WSJ: The Pessimism Reflex

In the Review section of the November 17/18 edition of the Wall Street Journal is a feature article titled “The Pessimism Reflex” by Matt Ridley. I found this particularly interesting as to how it relates to positivity, framing and true facts – topics we bring up in the YCISL workshop program.

Even in my last wiki entry – the one commenting on an article on “problems” with philanthropy – highlighted thinking that had a framing issue and lacked positivity. Makes me think of Grumpy Old Men.

With Mel Robbin’s mental handbrake analogy, it is too easy to be pessimistic. Pessimism is the handbrake that can easily reinforce the self-notion that there is something holding us back. And just like Malcolm Gladwell’s point about associating with greatness, there is also a tendency to associate with deprivation (the grass is always greener…).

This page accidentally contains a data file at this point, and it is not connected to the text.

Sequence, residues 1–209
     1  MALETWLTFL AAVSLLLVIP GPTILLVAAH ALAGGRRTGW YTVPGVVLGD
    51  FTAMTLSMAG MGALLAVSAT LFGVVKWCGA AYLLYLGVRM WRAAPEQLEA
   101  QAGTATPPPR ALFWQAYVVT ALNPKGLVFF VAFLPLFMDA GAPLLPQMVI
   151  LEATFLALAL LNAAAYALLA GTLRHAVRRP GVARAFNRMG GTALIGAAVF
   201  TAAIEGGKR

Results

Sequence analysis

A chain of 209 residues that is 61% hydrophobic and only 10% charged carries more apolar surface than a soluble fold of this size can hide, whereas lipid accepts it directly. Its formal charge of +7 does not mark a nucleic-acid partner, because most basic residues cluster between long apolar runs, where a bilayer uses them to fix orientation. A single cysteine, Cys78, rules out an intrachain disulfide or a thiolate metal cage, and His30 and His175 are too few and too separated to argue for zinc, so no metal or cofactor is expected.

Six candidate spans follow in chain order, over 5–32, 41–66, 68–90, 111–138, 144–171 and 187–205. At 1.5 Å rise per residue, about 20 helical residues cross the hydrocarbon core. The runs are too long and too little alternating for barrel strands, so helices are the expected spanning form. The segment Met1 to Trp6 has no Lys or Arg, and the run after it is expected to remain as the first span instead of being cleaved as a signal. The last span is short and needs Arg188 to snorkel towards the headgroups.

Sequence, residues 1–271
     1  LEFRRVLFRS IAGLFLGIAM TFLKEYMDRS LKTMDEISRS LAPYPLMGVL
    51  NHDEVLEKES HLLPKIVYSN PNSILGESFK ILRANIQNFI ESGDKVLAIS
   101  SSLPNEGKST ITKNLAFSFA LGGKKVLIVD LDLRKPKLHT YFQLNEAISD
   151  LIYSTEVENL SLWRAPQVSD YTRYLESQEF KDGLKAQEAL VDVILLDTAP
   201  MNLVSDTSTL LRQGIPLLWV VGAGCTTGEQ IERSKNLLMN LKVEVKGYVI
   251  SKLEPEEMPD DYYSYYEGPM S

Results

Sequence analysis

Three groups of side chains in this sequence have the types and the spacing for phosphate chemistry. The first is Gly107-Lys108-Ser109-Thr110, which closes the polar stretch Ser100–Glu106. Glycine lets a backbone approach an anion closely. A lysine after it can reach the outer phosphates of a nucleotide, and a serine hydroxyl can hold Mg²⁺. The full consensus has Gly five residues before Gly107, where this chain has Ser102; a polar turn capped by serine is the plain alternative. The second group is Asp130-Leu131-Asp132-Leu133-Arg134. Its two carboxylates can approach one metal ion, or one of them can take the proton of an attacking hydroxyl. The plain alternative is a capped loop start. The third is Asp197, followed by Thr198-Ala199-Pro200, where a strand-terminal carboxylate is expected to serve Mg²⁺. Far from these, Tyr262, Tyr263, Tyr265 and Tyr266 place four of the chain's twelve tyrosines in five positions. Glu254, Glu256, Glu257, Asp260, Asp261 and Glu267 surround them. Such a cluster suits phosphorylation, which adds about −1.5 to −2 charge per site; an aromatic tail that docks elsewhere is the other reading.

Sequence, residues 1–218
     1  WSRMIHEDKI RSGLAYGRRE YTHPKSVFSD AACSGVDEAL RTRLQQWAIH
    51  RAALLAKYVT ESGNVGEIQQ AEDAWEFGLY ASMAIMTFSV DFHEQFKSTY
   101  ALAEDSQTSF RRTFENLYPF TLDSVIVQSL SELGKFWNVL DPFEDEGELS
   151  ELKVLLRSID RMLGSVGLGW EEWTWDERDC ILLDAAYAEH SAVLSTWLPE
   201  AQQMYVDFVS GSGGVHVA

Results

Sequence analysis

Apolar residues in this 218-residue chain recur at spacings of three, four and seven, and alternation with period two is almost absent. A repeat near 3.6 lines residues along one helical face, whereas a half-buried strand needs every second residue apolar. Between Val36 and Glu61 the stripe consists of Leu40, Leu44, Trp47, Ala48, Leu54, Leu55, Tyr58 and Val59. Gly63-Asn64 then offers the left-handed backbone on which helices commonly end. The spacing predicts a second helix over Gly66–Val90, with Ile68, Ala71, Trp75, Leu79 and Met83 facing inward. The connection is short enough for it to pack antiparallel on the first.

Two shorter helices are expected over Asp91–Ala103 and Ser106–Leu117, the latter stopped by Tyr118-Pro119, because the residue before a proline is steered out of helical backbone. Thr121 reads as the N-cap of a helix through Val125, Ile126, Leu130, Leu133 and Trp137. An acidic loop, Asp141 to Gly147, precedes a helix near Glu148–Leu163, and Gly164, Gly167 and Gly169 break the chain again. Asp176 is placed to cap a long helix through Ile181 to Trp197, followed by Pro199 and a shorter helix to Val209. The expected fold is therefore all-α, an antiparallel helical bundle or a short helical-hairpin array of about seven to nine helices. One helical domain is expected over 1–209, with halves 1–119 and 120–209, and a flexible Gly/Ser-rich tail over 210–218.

And we can also understand the impact of pessimism through Alison Ledgerwood’s point about getting stuck in the negative.

We know in the adult world that pessimistic news goes around faster than optimistic news, and that spin and distorted reality becomes a part of the stream of norm – so it becomes an essential skill for youth leaders to train their senses to receive and feel pessimism, but to relay with positive actions and communications.

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